Autumn olives are an invasive species commonly found on farms or roadsides. Birds love the gorgeous, fall berries, especially cedar wax wings.

Some people love the berries, some find them a bit tart. They are significantly less tart and sweet after the first frost of the fall, but they also will quickly fall to the ground after that.


Leaves: Lanceolate, white-spotted leaves that are actually scales.

Berries: Yellow when unripe, a pale red when ripe. Up close, you can see they have white spots.

Flowers: Sweet smelling, pale yellow, tiny arranged in clusters of one to eight. Bloom from April to June.

Branching: Alternate

Habitat: Fields, open woodlands, and disturbed areas. Does well in a variety of soil types and moisture levels.

Region: Maine to Virginia and west to Wisconsin.

Autumn Olive Meringe Pie

This is one of my all time favorite foraging recipes. It takes 3 hours to chill, so be sure to start it early and even better, make it the day before hosting a large gathering.

For this, there is no reason to wait until after the first frost makes the autumn olives sweeter because your the sourness of the berries really goes well with the fluffy, sweet meringue. It isn’t a super hard pie to make once you’ve done if a couple of times, but it looks quite impressive and delicious on a plate.

Autumn Olive Meringue Pie


Autumn Olive Filling

  • Homemade Pie Crust chilled for 2 hours
  • 5 Large Egg Yolks
  • 1 1/3 Cups Water
  • 1 Cup Sugar
  • 1/3 Cup Cornstarch
  • 1/4 tsp Salt
  • 1/2 Cup Pureed Autumn Olive
  • 1 Tbsp Lemon Zest
  • 2 Tbsp Unsalted Butter softened to room temperature


  • 5 Large Egg Whites
  • 1/2 tsp Cream of Tartar
  • 1/2 Cup Granulated Sugar
  • 1/8 tsp Salt


  • Wash and push the autumn olives through a food mill to remove the seeds. Save the pulp. You can freeze it if you have more than you need for this recipe or use it for jam.
  • Chill the pie crust in the fridge for two hours before baking.
  • Preheat oven to 375 degrees Farenheit. Bake your fork-pricked pie crust partially for about 15 minutes with parchment paper and dried beans lining the bottom.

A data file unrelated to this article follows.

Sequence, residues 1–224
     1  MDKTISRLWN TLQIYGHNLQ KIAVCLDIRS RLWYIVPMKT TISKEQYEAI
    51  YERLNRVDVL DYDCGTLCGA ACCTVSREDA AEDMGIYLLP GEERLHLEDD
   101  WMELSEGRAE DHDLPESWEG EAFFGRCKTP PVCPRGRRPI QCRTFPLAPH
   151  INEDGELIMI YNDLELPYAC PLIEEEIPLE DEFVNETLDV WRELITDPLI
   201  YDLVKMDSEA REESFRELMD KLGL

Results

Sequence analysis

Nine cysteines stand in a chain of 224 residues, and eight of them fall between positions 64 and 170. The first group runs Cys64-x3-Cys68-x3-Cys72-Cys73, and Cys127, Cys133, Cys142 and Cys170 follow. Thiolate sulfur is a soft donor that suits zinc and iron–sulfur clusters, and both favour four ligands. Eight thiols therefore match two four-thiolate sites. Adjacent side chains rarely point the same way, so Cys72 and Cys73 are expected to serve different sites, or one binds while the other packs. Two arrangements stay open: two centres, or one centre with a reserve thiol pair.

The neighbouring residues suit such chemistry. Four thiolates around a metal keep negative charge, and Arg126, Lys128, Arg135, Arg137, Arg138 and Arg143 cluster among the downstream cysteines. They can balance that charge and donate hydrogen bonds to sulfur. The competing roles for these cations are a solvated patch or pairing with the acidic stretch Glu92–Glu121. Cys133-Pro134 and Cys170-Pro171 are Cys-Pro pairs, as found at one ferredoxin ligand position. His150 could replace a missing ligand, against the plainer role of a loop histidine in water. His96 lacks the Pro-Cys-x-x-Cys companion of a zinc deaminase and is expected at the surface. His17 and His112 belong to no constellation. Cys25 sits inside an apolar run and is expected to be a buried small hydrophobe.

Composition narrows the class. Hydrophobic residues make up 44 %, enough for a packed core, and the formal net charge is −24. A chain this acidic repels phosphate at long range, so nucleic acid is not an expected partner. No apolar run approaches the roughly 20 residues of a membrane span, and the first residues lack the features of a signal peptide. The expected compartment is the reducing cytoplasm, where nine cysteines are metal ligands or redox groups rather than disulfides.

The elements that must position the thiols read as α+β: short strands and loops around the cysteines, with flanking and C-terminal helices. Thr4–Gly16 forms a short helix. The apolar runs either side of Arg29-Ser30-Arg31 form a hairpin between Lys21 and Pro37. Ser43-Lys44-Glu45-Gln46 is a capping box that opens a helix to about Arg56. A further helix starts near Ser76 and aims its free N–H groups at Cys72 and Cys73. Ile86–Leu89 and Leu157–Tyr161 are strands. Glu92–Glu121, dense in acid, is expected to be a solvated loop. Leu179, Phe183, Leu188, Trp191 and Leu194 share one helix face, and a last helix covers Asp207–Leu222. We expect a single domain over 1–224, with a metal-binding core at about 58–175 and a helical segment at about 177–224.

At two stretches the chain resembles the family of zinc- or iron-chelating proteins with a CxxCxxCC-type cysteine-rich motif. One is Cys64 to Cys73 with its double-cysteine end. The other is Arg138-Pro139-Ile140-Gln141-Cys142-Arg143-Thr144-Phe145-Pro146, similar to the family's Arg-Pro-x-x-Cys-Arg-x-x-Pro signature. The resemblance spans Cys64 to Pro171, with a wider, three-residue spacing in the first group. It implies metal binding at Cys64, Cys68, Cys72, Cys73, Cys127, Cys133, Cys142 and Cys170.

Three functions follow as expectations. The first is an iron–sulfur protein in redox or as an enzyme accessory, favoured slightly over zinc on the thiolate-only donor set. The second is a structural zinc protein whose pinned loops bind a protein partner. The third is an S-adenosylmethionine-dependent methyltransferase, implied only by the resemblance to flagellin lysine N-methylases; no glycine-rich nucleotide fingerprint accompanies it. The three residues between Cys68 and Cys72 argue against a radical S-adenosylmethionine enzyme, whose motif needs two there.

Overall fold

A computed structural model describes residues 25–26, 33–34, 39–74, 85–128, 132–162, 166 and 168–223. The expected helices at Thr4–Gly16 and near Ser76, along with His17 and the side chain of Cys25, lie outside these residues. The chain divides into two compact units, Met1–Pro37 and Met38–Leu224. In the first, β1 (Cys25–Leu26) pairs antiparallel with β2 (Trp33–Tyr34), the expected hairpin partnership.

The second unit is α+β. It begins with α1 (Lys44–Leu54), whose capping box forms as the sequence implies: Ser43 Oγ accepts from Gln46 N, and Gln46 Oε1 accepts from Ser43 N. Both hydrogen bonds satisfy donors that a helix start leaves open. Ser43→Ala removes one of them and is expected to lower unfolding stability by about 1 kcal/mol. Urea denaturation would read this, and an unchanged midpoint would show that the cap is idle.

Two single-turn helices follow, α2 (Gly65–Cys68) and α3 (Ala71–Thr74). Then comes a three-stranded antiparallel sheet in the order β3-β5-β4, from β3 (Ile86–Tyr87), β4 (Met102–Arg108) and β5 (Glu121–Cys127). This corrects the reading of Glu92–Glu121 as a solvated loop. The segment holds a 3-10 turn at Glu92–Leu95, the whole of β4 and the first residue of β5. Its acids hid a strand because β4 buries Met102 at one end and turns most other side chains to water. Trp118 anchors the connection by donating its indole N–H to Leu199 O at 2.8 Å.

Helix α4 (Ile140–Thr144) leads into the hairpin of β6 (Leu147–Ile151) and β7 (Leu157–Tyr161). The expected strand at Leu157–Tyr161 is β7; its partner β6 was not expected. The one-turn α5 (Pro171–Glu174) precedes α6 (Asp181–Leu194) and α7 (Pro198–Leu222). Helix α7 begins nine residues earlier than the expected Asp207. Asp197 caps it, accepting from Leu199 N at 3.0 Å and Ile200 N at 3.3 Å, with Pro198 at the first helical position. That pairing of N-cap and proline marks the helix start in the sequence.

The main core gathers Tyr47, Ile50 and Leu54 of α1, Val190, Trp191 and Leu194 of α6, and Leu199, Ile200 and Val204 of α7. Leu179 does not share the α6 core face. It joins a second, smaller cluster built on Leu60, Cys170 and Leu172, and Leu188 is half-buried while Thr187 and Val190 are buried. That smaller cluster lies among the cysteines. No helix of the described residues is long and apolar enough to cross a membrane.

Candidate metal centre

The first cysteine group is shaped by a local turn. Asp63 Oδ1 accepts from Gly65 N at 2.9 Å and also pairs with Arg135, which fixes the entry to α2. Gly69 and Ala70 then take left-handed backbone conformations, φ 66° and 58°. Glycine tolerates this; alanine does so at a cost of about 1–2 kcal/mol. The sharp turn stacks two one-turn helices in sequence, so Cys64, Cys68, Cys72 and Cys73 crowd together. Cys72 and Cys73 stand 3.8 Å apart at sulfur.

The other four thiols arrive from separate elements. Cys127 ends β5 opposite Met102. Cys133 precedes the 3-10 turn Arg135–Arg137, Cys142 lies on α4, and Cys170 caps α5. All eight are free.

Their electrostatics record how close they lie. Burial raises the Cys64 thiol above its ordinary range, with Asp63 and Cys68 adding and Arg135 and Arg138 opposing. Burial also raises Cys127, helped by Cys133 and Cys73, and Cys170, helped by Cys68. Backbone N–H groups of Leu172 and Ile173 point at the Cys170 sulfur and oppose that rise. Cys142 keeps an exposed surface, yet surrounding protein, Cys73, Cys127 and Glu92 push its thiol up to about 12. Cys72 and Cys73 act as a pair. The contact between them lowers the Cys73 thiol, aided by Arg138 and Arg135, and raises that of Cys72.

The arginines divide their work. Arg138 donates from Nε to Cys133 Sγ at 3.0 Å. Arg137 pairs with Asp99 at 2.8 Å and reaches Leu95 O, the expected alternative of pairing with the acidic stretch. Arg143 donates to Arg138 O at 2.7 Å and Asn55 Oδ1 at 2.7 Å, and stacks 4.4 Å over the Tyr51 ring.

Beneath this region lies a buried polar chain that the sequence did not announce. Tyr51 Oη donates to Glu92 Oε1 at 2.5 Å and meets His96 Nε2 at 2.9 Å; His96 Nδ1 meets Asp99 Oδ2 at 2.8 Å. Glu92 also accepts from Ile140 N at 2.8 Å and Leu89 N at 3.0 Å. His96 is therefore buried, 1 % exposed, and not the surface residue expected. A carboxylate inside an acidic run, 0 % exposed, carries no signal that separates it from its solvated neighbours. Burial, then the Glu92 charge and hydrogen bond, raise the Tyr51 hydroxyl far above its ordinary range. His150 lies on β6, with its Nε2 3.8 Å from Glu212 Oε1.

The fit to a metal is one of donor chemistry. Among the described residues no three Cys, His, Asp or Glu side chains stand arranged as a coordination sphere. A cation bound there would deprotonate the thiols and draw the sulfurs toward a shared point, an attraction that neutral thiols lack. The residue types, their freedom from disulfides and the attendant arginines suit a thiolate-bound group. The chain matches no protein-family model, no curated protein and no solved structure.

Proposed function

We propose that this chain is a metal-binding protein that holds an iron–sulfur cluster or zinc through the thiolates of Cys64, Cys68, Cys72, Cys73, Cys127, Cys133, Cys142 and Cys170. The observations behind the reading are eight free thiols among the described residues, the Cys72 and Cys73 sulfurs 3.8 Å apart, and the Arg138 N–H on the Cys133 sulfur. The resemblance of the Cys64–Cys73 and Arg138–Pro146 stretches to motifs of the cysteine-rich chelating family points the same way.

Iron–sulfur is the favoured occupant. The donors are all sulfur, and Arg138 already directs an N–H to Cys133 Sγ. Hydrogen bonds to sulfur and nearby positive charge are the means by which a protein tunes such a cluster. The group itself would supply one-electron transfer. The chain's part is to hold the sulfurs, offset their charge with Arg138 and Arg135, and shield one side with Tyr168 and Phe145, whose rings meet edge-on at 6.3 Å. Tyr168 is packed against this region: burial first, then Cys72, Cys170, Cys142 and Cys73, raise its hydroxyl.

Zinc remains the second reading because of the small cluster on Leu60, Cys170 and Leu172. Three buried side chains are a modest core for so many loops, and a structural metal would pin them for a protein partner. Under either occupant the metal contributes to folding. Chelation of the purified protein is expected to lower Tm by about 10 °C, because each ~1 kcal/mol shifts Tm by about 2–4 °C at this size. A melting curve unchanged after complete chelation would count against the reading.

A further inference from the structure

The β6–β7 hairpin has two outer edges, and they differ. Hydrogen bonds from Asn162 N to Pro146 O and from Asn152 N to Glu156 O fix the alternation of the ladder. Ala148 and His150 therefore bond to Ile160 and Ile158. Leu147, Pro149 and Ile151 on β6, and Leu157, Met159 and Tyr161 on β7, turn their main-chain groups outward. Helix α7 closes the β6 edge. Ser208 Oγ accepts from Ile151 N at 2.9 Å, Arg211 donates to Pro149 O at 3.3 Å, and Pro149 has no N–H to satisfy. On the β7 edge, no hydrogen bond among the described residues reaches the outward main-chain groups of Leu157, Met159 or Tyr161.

• Lower temperature to 350 degrees Farenheit.
  • Make the filling. First add the egg yolks into a bowl and whisk them. Set aside. Whisk the water, granulated sugar, cornstarch, salt, autumn olive pulp, and lemon zest together in a saucepan over medium heat.
  • Once it has thickened and bubbled, whisk and reduce temperature to low. Slowly to avoid causing thick egg pieces, add the warm mixture to the egg yolks. Then slowly add the egg yolks to the saucepan. Turn the heat back up to medium. Cook until the sauce is thick and bubbly. Remove from heat and whisk in the butter.
  • Pour the filling into the partially baked crust. You can set it in a warming drawer or quickly make the meringue. Don't let it cool too much though.
  • For the meringue, beat the egg whites and cream of tartar for about four minutes until soft peaks form.
  • Add the sugar, salt, and continue beating until stiff peaks form.
  • Spread the meringue carefully on top of the autumn olive filling. Spread to the crusts.
  • Bake for about 25 minutes until the meringue is tinged with light brown. Be careful not to overcook!
  • Chill at room temperature for one hour then another few hours in the fridge before eating.


  1. Beth 1 year ago

    I’m wondering if there is any recommendations on how to make this ahead. Do you think I could prep the berries and crust ahead of time and finish assembling later?

    • Author
      Alison MEEHAN 1 year ago

      Yes, that is be the best option. You also can make it ahead and store it in the fridge inside a cake container or use toothpicks to hold up aluminum foil or another type of wrap so it doesn’t mess up the meringue.

  2. […] Autumn Olive Meringue Pie […]

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